Subject Area

Computer Engineering


Power during manufacturing test can be several times higher than power consumption in functional mode. Excessive power during test can cause IR drop, over-heating, and early aging of the chips. In this dissertation, three different architectures have been introduced to reduce test power in general cases as well as in certain scenarios, including field test.

In the first architecture, scan chains are divided into several segments. Every segment needs a control bit to enable capture in a segment when new faults are detectable on that segment for that pattern. Otherwise, the segment should be disabled to reduce capture power. We group the control bits together into one or more control chains.

To address the extra pin(s) required to shift data into the control chain(s) and significant post processing in the first architecture, we explored a second architecture. The second architecture stitches the control bits into the chains they control as EECBs (embedded enable capture bits) in between the segments. This allows an ATPG software tool to automatically generate the appropriate EECB values for each pattern to maintain the fault coverage. This also works in the presence of an on-chip decompressor.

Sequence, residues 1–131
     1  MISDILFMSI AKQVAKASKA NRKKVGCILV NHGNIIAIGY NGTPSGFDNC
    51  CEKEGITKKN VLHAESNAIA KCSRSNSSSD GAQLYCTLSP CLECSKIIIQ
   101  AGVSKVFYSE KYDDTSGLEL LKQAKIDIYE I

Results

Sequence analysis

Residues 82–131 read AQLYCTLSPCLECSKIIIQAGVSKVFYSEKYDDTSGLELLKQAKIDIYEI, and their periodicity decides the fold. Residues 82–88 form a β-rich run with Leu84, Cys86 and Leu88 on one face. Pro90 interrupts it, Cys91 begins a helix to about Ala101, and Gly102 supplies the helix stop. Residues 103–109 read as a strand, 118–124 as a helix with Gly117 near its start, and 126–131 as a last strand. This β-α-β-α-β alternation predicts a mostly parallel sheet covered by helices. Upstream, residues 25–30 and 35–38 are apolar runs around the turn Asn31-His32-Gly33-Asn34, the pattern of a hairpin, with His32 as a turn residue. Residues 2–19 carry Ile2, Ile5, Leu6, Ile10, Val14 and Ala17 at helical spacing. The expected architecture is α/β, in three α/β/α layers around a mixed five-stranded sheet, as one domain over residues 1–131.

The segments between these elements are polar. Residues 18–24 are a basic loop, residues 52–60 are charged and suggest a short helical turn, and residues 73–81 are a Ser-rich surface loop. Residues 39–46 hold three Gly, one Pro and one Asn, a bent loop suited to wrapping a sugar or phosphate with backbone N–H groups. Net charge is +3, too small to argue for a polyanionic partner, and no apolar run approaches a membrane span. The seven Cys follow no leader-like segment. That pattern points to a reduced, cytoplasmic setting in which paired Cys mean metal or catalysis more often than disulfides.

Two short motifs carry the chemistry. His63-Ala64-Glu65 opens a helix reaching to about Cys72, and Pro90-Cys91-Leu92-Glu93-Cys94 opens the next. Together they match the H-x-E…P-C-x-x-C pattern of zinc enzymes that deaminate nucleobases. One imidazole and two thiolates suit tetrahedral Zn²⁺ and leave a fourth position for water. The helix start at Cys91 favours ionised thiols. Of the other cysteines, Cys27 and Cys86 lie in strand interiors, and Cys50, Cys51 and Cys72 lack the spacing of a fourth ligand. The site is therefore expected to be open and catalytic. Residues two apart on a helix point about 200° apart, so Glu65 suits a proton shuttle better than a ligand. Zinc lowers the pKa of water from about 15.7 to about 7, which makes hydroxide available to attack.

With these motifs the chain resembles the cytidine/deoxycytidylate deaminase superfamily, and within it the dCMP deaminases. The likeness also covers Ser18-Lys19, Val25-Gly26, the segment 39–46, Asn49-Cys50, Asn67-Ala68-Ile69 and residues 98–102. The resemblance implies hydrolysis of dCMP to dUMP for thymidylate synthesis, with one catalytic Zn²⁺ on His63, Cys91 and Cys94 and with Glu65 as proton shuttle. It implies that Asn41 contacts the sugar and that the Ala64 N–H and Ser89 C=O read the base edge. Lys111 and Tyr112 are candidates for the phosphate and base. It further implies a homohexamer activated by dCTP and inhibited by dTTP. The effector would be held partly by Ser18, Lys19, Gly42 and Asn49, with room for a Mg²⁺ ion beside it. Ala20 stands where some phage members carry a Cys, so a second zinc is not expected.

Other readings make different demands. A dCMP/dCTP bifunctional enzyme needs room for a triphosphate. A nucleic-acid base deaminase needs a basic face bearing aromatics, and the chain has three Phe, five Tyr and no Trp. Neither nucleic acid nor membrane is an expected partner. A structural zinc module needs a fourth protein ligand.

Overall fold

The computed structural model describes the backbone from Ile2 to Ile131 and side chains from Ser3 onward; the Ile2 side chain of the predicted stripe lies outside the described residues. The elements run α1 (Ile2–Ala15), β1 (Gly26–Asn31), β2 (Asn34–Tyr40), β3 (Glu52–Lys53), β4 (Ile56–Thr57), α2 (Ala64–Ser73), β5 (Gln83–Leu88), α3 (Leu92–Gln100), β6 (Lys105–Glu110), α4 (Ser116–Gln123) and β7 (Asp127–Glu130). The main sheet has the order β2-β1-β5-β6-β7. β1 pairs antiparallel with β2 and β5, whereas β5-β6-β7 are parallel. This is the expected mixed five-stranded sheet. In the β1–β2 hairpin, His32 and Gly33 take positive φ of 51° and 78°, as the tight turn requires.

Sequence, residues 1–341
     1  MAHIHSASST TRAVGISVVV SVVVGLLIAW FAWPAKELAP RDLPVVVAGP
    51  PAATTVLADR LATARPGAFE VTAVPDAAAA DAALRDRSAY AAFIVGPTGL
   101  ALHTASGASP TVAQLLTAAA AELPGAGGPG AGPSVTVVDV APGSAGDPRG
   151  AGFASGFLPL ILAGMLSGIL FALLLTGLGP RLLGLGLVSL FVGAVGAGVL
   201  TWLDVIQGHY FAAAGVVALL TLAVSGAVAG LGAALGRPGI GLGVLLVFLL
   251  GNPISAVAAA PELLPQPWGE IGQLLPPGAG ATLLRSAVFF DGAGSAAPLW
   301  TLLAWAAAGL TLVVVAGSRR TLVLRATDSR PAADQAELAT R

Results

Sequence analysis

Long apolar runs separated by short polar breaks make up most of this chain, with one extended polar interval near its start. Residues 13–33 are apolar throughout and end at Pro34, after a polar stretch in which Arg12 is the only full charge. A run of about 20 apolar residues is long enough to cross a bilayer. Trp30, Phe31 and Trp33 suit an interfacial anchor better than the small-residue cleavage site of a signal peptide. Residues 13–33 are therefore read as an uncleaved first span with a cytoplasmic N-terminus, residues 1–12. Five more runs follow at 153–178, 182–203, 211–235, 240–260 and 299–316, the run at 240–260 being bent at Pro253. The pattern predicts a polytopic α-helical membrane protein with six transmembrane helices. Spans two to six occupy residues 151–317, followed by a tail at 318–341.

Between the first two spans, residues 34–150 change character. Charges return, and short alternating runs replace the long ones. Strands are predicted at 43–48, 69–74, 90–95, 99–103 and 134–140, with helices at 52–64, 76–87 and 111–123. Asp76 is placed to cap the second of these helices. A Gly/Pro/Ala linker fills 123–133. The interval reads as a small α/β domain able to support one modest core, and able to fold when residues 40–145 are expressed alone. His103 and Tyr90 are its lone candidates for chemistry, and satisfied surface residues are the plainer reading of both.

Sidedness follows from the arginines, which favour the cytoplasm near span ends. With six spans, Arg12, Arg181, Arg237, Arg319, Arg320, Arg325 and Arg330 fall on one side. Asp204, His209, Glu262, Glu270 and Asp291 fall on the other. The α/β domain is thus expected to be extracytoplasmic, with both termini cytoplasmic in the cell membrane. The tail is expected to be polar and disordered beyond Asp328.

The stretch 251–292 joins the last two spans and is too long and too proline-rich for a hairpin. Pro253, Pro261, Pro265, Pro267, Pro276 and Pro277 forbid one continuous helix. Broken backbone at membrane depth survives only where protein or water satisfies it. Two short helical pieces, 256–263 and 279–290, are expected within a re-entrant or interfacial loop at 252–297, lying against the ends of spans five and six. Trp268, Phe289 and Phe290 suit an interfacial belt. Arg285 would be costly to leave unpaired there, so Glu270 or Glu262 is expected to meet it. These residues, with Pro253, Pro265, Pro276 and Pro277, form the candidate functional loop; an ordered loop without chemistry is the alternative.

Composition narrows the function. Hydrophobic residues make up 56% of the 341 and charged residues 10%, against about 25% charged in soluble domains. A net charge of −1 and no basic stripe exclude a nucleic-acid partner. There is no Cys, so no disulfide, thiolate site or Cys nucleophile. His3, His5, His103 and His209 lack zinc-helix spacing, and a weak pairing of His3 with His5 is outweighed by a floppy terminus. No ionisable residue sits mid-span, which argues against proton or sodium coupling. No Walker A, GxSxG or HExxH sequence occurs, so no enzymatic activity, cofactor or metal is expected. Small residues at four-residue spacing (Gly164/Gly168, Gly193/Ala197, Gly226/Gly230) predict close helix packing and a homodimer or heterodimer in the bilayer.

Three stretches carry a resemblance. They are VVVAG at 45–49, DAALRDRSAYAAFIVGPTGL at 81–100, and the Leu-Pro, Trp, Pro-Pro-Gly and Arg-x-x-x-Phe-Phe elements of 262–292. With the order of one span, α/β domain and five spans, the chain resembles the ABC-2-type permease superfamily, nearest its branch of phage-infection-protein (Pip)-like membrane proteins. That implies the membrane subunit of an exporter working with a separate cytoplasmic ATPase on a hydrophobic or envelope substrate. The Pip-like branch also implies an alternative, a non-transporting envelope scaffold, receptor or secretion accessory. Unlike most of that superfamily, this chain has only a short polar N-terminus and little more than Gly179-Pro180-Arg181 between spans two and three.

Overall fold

The last architecture focuses primarily on the self-test of a device in a 3D stacked IC when an existing FPGA in the stack can be programmed as a tester. We show that the energy expended during test is significantly less than would be required using low power patterns fed by an on-chip decompressor for the same very short scan chains.

Degree Date

Summer 8-4-2021

Document Type


Degree Name



Computer Science and Engineering


Electrical and Computer Engineering



Creative Commons License

Creative Commons Attribution-Noncommercial 4.0 License
This work is licensed under a Creative Commons Attribution-Noncommercial 4.0 License